Elizabeth Terzza has taken the seeds of nature as the inspiration for her delicate silver jewellery. Her tiny cones and sycamore seed necklace, are stunning pieces.
Detailed and friendly animals on Julia Smith’s Ceramics.
I discovered two familiar faces from the stands of Fiona McIntosh of Tessuti Printed Textiles and James Donald of Pick One, both of whom I know from selling my work through their boutique gift shop in Edinburgh called Concrete Wardrobe. I loved these new scottie dogs in fiona’s fabric, they work very well. A fab and colourful stand full of soft woolen weaves from James too, hope you both had a good show.
Manchester based Willow weaver Cherry Chung has made some lovely baskets and bowls that combined her stoneware bases and the dyed or natural willow surround. She has been commissioned to make huge storytelling tree or magic tree puppet theatre like the one below. Cherry also runs local courses (info on her site), if anyone fancies trying this out for themselves.
Lovely to see how Tone Von Krogh‘s new work is getting larger and larger. Look at these stunning vases, what a centrepiece they would make.
Lastly I spotted the felt work of fibre artist Valerie Wartelle. Her textile landscapes with their dyed and embroidered surfaces were like textural snapshots of the countryside. Sadly I didn’t get to speak to Valerie in person as she was busy with a potential customer but I wanted to include her beautiful work in my post.
A fab and busy show, congratulations to the organisers and to everyone who took part and made the exhibition the event it was.
Thanks again to everyone who generously gave of their time and let me take photographs to show you all. Here’s to the next one !
Some time ago I discovered the illustrator Nikki Dyson on Twitter and have long since admired her work. It’s full of fun and vibrancy and has that wonderful mid-century nod, that always makes my heart beat a little faster lol
When I asked Nikki about the American style to her work (for a UK artist) she told me ” I’m really influenced by american animation art like UPA, Maurice Noble, Chuck Jones and especially from early Disney…that’s how I discovered Mary Blair‘s work and that led onto discovering more amazing artists that were involved in the concept art for the films ie Gustaf Tenggren, Alice and Martin Provensen and Al Dempster ! All of whom have illustrated Little Golden books so that led me onto knowing about these little gems and being hugely influenced by them in my work too.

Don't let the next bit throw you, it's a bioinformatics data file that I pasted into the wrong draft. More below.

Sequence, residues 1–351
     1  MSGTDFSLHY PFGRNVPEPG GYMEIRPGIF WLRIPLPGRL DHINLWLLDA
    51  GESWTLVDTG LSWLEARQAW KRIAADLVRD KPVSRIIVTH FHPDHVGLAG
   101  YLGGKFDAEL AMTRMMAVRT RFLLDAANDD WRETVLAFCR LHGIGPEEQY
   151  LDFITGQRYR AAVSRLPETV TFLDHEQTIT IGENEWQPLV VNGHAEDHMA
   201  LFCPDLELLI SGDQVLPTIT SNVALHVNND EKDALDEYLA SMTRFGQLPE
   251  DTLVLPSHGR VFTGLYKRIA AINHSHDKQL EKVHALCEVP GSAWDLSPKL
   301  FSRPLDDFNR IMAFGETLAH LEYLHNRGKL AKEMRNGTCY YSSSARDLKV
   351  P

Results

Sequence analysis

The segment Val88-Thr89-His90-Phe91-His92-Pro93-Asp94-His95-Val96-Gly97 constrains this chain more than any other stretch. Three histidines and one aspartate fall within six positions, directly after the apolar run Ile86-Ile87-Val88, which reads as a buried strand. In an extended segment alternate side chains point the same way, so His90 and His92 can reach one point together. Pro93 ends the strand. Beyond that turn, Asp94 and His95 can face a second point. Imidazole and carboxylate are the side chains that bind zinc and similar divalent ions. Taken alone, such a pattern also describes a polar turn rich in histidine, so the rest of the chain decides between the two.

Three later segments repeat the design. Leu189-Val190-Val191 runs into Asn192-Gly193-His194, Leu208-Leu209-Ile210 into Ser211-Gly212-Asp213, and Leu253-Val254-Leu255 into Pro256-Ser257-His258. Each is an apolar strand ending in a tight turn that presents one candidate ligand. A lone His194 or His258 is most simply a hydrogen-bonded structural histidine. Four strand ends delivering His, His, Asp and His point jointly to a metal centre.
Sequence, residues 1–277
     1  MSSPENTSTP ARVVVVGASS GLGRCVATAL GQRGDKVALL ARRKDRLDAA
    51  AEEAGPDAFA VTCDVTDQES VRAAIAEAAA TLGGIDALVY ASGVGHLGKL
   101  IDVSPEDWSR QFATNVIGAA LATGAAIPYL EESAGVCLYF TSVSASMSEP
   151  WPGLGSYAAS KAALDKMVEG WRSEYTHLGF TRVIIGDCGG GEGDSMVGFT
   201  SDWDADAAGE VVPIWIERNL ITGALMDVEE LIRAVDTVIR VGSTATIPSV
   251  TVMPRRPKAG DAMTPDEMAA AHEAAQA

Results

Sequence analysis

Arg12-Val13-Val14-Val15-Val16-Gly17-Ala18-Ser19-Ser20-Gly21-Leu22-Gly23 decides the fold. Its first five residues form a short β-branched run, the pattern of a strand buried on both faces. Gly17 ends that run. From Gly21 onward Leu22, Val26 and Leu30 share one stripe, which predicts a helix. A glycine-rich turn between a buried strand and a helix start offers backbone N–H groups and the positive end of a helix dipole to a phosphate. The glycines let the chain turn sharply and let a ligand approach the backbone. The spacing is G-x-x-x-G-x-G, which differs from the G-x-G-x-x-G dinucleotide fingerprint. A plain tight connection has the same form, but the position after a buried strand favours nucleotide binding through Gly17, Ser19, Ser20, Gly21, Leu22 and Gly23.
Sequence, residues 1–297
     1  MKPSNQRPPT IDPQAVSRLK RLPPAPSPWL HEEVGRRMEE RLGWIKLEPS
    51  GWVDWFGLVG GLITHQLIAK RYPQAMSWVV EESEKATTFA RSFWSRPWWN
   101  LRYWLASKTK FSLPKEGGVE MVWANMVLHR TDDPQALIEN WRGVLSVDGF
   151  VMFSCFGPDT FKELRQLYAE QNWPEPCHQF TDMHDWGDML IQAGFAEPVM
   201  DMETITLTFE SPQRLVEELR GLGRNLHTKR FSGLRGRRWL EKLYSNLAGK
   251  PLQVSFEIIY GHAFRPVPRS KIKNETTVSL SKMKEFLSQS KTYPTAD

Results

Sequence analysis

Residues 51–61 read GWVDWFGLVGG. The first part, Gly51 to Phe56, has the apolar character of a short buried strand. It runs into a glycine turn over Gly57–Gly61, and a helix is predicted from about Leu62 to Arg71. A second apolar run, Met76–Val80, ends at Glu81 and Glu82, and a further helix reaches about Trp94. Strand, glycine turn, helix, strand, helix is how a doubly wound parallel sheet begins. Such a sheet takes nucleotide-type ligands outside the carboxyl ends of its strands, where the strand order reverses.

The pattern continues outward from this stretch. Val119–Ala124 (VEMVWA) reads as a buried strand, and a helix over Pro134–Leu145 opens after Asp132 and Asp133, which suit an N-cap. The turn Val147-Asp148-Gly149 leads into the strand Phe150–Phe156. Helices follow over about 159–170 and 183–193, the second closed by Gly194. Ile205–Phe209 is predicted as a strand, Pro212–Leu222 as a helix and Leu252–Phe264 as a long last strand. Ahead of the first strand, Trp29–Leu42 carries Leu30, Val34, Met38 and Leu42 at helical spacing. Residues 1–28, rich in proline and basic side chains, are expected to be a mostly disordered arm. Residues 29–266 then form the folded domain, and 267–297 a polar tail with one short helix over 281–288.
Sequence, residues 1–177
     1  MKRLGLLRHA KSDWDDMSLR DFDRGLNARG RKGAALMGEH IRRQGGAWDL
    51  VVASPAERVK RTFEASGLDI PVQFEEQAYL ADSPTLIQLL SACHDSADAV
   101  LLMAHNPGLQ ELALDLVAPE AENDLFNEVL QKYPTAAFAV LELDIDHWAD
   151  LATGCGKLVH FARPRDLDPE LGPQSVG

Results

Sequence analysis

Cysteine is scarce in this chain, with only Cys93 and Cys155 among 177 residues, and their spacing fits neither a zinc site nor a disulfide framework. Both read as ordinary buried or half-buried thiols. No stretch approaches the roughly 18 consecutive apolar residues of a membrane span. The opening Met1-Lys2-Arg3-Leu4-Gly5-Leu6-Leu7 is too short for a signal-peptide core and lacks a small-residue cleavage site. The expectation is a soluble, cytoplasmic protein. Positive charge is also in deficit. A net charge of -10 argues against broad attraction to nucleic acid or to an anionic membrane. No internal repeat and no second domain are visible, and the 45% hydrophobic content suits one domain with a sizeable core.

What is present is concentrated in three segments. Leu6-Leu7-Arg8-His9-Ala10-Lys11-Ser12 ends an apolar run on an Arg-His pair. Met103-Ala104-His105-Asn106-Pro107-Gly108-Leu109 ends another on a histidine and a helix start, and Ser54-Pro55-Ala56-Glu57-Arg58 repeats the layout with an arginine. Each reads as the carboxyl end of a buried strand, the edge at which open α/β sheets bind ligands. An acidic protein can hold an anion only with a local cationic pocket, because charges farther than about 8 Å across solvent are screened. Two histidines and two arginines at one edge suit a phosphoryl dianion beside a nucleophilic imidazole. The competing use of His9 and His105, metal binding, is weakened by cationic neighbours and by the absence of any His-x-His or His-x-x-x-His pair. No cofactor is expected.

Lovely modern renditions here of 1950’s and 60’s traditional travel posters, cleverly turned into post cards. Love the knotted hanky : )
It’s difficult not to smile looking at these colourful images.
Some greeting cards.
Nikki has an impressive client list too, she’s worked with names such as Usborne Books, Macmillan Children’s Books, Walker Books, National Geographic Kids, Macmillan Education as well as the famous Random House (Little Golden Books). Here’s a few of her books.
For those of you old enough or English enough to remember the children’s programme “Vision On” and its presenter Tony Hart then you’ll also be amused by Nikki’s Art Gallery section on her blog (make sure you have your sound on for the full effect lol)
I mentioned this to Nikki and she said ” Haha yes, I can’t forget my british roots too ! So the theme is a tribute to Tony Hart as I adored watching him as a child and loved the gallery sequence and would always try and create what he did on the show (though not to the same degree of success!) I also admire the work of Quentin Blake, Judith Kerr, Shirley Hughes all amazing inspirational people ! “
All of this amazing work comes from such a wee little workspace too, small but very productive I think ! Great illustrations Nikki, keep up the lovely work.
Welcome back to part two of the graphic and advertising illustrations in the Modern Publicity Annual from 1950 -51. No surprises how many of the illustrators use animals to help add interest to their message.
Who wouldn’t remember a giraffe on the phone.
Or this fab kangaroo in a box !
A couple of record covers.
And a little colour to finish with. These eskimo blankets do look warm and inviting, but I’m less convinced by a smoking Walrus… each to their own I suppose !
You can find more posts and illustrations in this series by typing the words Modern Publicity into the search function on the right of this post. Don’t forget to share it and tell your friends about Fishink Blog. Thank you.